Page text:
Hidden in Plain View: African American Archaeology at Manassas National Battlefield Park

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This dissertation examines how the categories of race, class,

and/or gender intersected and informed life in an historic, rural,

Southern community. Examining African American landscapes of

consumption and production in historic, rural Virginia through the

archaeological record is essential for understanding the

development of African American cultural reproduction through time.

Archaeological landscapes that include very early sites for this

region and are comprised of material culture from pre-emancipation

deposits can provide a framework for understanding how

ethnogenesis worked as a method for the community to survive the

harsh realities of slavery, redefine themselves as raced, classed,

and gendered individuals with relation to their economy on their own

terms, and build a foundation on which they could continually resist

and transform the categories created for them during later periods in history.

Sites that date to the mid nineteenth century and later provide

information about the shift in these methods from ethnogenesis to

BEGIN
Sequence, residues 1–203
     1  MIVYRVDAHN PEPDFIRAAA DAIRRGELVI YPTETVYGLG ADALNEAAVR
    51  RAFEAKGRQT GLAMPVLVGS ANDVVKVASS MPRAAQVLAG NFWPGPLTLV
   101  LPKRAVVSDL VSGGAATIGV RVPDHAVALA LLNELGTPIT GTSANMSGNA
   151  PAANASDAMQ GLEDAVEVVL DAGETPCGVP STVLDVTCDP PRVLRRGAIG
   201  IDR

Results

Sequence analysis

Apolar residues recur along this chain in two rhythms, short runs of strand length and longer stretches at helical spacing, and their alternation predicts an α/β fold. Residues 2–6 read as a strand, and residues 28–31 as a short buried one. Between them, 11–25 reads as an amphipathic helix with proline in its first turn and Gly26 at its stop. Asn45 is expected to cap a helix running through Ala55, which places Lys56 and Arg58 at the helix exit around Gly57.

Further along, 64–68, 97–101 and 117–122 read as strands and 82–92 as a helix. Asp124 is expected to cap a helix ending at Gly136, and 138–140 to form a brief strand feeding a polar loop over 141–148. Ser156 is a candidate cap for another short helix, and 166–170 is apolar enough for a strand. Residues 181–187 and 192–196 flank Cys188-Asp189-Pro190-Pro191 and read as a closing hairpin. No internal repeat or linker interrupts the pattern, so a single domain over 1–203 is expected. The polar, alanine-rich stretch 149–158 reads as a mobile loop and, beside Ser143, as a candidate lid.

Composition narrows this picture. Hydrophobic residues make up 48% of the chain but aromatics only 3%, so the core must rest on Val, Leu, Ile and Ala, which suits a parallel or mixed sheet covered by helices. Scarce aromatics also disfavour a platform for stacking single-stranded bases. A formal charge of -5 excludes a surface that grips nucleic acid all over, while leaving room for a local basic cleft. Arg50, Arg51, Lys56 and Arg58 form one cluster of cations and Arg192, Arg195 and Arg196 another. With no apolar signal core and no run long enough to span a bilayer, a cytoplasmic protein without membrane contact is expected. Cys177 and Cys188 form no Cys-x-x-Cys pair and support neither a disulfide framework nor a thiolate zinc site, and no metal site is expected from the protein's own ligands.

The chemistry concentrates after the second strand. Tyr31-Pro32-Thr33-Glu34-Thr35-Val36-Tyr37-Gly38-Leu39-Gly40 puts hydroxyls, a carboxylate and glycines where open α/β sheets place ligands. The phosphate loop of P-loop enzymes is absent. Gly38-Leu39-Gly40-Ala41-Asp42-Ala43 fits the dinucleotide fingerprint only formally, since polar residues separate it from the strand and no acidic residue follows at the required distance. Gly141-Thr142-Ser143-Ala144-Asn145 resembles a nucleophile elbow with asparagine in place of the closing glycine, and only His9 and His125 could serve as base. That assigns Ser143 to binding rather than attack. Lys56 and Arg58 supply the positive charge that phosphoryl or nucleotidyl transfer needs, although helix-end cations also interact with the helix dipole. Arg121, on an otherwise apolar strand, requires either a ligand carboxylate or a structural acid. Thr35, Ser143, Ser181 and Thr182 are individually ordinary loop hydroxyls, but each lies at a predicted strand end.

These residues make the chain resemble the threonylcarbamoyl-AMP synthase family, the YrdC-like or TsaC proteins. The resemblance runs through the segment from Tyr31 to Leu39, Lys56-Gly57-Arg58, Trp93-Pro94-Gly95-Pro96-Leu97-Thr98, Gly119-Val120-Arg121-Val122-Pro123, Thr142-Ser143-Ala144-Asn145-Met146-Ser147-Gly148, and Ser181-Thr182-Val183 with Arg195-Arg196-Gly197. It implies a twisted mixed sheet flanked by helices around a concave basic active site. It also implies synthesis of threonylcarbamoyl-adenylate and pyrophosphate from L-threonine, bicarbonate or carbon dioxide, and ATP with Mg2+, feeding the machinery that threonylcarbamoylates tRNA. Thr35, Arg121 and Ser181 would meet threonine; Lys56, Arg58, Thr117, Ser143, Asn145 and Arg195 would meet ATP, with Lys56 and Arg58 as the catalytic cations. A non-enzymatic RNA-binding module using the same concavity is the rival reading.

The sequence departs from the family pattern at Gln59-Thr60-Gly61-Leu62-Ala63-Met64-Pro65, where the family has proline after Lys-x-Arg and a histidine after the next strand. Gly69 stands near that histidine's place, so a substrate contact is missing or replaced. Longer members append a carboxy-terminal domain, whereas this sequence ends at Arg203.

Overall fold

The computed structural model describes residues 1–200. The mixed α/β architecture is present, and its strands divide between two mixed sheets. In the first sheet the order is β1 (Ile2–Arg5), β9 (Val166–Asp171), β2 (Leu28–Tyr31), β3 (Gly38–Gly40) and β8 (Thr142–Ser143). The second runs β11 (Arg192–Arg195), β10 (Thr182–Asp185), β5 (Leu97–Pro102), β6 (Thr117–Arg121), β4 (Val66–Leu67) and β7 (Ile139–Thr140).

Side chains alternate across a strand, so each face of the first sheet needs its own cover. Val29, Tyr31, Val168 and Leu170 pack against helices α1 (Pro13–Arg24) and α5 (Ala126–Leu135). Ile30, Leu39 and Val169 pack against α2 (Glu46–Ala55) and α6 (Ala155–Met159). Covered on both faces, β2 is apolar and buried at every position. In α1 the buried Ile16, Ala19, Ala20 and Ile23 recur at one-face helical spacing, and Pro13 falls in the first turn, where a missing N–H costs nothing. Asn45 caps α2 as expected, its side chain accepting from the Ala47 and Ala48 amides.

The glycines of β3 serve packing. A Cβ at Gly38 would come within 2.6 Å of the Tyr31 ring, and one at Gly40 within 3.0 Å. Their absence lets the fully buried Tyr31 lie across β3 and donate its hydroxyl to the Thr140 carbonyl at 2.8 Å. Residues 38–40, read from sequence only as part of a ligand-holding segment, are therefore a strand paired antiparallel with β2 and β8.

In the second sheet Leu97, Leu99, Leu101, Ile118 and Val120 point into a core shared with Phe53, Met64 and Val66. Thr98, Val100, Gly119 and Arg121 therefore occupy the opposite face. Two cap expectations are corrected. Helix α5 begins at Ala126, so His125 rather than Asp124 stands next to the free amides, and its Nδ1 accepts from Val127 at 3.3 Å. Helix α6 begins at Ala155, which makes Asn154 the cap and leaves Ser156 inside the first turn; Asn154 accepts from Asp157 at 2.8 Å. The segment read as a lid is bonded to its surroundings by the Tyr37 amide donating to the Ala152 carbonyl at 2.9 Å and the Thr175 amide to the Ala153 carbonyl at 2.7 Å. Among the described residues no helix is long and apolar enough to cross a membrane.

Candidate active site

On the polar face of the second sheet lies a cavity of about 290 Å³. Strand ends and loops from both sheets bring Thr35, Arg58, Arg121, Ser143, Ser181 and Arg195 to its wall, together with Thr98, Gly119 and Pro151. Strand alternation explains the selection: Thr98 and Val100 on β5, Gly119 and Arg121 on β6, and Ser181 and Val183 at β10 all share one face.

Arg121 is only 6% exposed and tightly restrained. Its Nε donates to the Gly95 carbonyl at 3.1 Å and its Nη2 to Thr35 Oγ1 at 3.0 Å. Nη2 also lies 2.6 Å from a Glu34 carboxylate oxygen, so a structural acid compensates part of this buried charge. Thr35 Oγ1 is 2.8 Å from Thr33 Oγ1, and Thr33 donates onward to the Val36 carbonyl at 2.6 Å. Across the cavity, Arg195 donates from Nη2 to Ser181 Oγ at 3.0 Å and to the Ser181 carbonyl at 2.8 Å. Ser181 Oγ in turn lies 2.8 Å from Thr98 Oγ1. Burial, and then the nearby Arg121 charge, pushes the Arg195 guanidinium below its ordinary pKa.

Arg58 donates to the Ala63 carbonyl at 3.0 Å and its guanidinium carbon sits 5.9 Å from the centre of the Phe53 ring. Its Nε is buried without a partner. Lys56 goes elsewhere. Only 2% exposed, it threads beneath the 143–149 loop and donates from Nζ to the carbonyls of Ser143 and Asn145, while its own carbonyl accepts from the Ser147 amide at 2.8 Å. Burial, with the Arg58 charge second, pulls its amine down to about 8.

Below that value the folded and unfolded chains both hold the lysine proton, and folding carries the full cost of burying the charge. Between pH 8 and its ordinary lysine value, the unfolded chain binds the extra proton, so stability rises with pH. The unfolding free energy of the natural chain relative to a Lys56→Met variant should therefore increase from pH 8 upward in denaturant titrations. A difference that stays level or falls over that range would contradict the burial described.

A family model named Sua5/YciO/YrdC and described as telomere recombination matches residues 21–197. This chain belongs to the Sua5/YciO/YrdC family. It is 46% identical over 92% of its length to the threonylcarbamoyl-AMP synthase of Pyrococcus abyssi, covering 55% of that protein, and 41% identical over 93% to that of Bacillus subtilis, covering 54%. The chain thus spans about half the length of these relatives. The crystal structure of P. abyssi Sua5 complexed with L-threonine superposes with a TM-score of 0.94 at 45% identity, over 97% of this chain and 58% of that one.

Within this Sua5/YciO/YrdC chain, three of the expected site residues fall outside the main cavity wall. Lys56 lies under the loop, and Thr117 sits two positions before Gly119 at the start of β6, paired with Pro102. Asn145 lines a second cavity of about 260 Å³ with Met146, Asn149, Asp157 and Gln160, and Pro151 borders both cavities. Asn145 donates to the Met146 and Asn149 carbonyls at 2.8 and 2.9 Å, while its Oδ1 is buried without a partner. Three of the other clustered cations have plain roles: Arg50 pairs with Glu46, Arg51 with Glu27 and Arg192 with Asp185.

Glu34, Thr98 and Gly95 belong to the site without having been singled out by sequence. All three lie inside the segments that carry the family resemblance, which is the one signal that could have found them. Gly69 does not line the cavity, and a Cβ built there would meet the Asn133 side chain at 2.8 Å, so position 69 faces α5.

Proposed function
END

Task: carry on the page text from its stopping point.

racial uplift. Racial uplift during these later periods became the

method which the African American families in this area used to

connect themselves with citizenship and the American dream

through their consumer and producer behavior. This behavior can

then serve to illuminate how relationships of inequality became

naturalized and institutionalized and how, through these methods, inequality was continually challenged and transformed.

Examining historic and modern twentieth century African American

landscapes through archaeological sites can also illuminate the

response of the community to a period of intense commemoration

by the Confederacy immediately following the Civil War and

illuminate the lasting effects of the Lost Cause ideology on modern

day race relations. Defining and understanding archaeology through

this period not only acknowledges how and why African American

history has been left out of modern interpretations, but helps outline

new interpretive plans that both challenge visitors to our national parks and attempt a more democratic voice for the National Park Service and for our nation.